6 Ways to Treat Post-Traumatic Stress Disorder
Suffering from Post-Traumatic Stress Disorder (PTSD) can prove detrimental to the life of the victim. Hence, it must not be taken lightly. We give you some of the ways in which you can effectively treat this disorder.
1. Trauma-focused cognitive-behavioral therapy
In this therapy, the person is asked to slowly and carefully expose himself/herself to situations, feelings, emotions, and thoughts that are reminders of the traumatic event. An important aspect of this cognitive-behavioral therapy for PTSD is to identify those thoughts about the event that are distorted and irrational and replace them with a picture that is slightly more balanced.
2. Family therapy
Family therapy proves very effective since PTSD not only affects you but also your near and dear ones. As a result of this type of therapy, those who are close to you would understand what exactly you are going through. It also leads to a better communication between the family members and equips them to help each other come out of the problems that are caused by the symptoms of PTSD.
One of the main aims of prescribing medication to someone with PTSD is to alleviate secondary signs of anxiety or depression. Some of the commonly used medications are antidepressants like Prozac and Zoloft. Just remember that such antidepressants may help you feel less depressed, troubled, or on top of your game but they are not a cure for the causes of PTSD. One should be very careful so as to not get dependent on such medications.
4. Eye Movement Desensitization and Reprocessing (EMDR)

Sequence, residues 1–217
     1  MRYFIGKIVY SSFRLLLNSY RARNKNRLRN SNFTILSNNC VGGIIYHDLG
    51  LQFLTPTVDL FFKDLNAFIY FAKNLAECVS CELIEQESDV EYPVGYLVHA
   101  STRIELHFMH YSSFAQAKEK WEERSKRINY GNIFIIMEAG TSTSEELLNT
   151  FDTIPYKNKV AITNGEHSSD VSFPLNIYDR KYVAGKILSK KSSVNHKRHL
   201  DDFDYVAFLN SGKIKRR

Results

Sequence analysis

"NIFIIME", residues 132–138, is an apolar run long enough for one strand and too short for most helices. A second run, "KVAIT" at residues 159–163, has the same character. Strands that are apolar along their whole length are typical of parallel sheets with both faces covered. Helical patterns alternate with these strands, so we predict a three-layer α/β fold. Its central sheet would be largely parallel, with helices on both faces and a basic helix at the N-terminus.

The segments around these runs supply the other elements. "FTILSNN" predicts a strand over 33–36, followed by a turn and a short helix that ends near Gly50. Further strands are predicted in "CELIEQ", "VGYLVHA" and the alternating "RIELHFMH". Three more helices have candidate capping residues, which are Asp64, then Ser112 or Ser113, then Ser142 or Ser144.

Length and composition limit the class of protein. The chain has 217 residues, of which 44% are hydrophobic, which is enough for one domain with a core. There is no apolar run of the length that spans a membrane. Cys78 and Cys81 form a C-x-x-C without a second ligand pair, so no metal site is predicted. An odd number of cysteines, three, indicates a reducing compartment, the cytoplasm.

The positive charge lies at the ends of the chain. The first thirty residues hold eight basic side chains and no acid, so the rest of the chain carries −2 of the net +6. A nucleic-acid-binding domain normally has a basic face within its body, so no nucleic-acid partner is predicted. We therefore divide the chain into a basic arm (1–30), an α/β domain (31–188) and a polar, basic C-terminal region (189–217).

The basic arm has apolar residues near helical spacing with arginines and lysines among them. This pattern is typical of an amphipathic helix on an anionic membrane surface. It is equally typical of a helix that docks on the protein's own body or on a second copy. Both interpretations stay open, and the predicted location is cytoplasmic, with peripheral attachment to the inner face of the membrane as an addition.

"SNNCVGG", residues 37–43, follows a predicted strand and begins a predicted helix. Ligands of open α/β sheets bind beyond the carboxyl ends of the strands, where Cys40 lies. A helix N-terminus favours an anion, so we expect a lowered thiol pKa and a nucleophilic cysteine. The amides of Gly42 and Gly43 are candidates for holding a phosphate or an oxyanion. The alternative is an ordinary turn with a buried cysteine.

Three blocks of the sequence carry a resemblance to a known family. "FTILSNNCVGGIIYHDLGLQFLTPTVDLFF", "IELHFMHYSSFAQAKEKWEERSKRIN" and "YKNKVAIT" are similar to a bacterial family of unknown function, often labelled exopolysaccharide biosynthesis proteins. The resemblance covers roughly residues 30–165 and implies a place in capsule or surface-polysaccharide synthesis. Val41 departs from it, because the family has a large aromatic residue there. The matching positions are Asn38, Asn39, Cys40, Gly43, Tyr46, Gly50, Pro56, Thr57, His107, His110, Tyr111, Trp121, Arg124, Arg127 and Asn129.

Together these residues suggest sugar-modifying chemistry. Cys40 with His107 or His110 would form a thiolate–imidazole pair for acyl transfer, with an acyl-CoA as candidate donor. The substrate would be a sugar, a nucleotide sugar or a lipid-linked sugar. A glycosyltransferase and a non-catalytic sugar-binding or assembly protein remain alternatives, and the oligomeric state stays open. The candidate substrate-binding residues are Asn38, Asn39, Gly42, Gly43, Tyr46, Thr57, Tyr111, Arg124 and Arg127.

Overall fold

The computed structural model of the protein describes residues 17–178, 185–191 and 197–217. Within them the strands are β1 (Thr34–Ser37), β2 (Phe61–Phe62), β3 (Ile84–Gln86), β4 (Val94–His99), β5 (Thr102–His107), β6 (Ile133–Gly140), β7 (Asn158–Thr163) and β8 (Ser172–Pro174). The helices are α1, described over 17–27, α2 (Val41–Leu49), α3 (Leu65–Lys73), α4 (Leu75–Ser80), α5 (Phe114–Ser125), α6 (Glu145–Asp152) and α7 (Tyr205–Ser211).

This type of treatment involves aspects of cognitive-behavioral therapy along with eye movements. It also has some forms of rhythmic, left-right stimulation and it could be something like sounds or hand taps. The thought behind such an incorporation is that eye movements and other bilateral sorts of stimulation aid in “unfreezing” the brain’s information processing system, which might have been interrupted while experiencing intense trauma.
5. Prolonged Exposure Therapy
In this kind of therapy, the person is given imaginal exposure. Instead of avoiding going back to the thoughts of the traumatic event, the person is motivated to recount the experience repeatedly and for a prolonged duration.
6. In Vivo Exposure
By systematically confronting thoughts, situations, and activities that are reminders of the trauma or are directly related to it, despite being safe, you can come out of PTSD. The process enhances the emotional processing of the trauma and eventually ensures that you no longer experience anxiety or avoidance behavior by going back to stressful memories and situations.